In his speech, President Bush announced his intention to reduce American forces in Iraq to pre-surge levels by mid-2008, if conditions permit. His critics have been quick to ridicule this announcement, since they reject the notion that there has been any progress in Iraq that might justify it. But they choose to miss the point. The size of American military forces in Iraq is not, and should not be, dependent on the status of legislation in the Iraqi parliament. It is dependent on the security situation on the ground--notably the ability of the Iraqis to maintain security themselves. Despite Democratic rhetoric to the contrary, security on the ground can improve without the passage of benchmark legislation. It has improved over the past few months. Petraeus and Bush know that, which is why they announced an intention to unwind the surge.
In choosing this plan for force reductions over the coming months, the president accepts greater risk than we would have preferred. His decision was clearly driven by valid concerns about the strain on the Army and Marines, and by the reasonable expectation that a continuation of current trends on the ground in Iraq will justify the reductions. But Iraq is a war, and the enemy gets a vote. Continued Iranian escalation could destabilize the south or Baghdad; Al Qaeda In Iraq could strike another lucky blow; and other unforeseen contingencies could arise over the next six months that might be manageable with 20 brigades but dangerous with 15.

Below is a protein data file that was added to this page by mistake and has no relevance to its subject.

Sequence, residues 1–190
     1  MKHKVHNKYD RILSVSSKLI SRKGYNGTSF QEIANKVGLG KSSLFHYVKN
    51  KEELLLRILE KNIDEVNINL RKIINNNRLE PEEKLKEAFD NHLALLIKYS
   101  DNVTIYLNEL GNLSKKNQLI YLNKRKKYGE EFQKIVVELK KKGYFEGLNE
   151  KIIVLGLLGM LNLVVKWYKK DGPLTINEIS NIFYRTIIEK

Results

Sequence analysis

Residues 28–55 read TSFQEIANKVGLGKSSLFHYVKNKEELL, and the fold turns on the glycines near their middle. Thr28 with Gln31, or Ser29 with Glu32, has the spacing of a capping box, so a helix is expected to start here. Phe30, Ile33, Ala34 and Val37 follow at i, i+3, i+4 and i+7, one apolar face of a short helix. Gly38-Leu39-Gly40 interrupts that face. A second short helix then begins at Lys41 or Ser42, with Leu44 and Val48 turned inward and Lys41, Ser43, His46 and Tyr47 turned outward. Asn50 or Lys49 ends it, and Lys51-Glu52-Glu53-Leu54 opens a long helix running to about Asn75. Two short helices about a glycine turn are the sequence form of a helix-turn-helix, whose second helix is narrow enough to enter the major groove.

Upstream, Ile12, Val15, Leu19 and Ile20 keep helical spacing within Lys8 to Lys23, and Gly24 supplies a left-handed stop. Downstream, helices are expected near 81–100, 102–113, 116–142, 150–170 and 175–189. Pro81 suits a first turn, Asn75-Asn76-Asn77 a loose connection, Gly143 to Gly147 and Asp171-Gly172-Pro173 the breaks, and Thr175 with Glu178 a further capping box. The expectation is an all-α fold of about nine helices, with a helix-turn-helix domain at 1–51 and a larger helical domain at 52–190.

At this point, the likeliest sources of most such contingencies lie outside of Iraq, with increased "accelerants" (as our commanders call them) of violence coming from Iran above all, but also from Syria and (indirectly) from Saudi Arabia. We cannot allow Iraq's neighbors a free hand at strengthening the forces of terror even as we work to subdue them. Restricting the ability of these outside accelerants to intervene in Iraq is the best way to mitigate the risks entailed in the announced drawdown. Given the drawdown, and given the emphasis General Petraeus and Ambassador Crocker put on the damage done by these outside actors, especially Iran, in fanning the violence in Iraq, we expect that the Bush administration will now turn its attention more directly to this critical problem.
--Frederick W. Kagan & William Kristol